INDIANAPOLIS | President Barack Obama told workers at an Indianapolis factory Friday the best way to improve the U.S. economy and reduce high gasoline prices is to invest in American manufacturing of clean energy products.
"I don't want the new breakthrough technologies, the new manufacturing to take place in China and India," Obama said. "I want all those new jobs made in Indiana, right here in the United States of America."
The president spoke for 18 minutes on the factory floor where Allison Transmission soon will expand production of hybrid engines for trucks and buses. The expansion, which is supported by a $63 million federal grant, is expected to create 200 new jobs in the next two years.
Obama said hybrid technology -- as well as biofuels and natural gas -- is essential to meeting his goal of reducing U.S. oil imports by one-third by 2025. Tax incentives should be used to encourage new technologies, he said.
"If we're serious about meeting our energy challenge, we have to do more than drill," Obama said.
At the same time, the Democratic president said the United States no longer can afford to give profitable oil companies some $4 billion in annual taxpayer subsidies.
"If you're already paying them at the pump, we don't need to pay them through the tax code," Obama said.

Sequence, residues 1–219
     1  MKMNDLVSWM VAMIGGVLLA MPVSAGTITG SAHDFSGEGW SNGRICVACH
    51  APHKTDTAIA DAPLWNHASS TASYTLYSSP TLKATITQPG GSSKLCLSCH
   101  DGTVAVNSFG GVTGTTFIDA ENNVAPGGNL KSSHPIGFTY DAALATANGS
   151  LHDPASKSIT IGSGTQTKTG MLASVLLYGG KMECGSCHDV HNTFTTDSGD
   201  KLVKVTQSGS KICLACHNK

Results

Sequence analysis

Before speaking to more than 300 Allison employees and Indiana elected officials, Obama toured the sprawling Allison Transmission plant on the west side of Indianapolis.
He later quipped, "I love seeing high-tech machinery like this: I stand there, people explain it to me, and I pretend like I know what they're talking about."
Hammond Mayor Thomas McDermott Jr., who attended Obama's speech, said he was grateful the president would choose to visit Indiana and was impressed by the cleanliness of the manufacturing facilities.
"I would love to see opportunities like this in Northwest Indiana," McDermott said.
Republican Gov. Mitch Daniels greeted Obama as he stepped off Air Force One at the Indianapolis International Airport on Friday morning.
Daniels is expected to announce in a few weeks whether he will mount his own bid for president in 2012, potentially running against Obama if Daniels were to win the GOP nomination.
Obama won Indiana by 28,000 votes in 2008.